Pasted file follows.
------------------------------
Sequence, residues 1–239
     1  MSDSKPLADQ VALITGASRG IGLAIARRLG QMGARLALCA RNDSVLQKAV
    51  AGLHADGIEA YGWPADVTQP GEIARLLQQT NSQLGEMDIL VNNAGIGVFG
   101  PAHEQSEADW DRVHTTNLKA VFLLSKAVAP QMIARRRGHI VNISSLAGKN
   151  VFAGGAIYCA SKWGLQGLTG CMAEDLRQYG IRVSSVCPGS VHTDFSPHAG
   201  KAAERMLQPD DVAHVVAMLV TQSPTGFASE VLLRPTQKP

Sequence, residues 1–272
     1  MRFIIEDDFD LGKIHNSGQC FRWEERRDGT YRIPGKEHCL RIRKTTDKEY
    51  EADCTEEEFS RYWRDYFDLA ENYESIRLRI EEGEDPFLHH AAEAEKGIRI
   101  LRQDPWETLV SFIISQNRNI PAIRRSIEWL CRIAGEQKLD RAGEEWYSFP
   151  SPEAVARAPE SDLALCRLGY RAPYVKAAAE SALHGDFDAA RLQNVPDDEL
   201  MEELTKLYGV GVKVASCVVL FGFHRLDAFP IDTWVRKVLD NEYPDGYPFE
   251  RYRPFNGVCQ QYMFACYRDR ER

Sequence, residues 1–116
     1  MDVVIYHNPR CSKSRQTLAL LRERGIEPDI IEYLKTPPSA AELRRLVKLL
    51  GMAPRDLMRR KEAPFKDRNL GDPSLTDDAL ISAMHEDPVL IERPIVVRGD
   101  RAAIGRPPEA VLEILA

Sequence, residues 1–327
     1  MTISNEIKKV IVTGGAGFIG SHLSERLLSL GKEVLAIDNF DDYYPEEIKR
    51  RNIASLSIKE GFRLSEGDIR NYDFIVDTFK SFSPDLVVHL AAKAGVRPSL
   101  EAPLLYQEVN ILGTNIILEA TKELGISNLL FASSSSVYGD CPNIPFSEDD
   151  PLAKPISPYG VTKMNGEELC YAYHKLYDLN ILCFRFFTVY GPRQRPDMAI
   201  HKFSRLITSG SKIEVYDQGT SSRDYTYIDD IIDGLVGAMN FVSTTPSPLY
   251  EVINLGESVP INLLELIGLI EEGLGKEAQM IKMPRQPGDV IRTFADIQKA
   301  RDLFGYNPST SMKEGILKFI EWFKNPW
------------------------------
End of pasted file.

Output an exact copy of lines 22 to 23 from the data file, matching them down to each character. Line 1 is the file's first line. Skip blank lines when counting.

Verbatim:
   151  PLAKPISPYG VTKMNGEELC YAYHKLYDLN ILCFRFFTVY GPRQRPDMAI
   201  HKFSRLITSG SKIEVYDQGT SSRDYTYIDD IIDGLVGAMN FVSTTPSPLY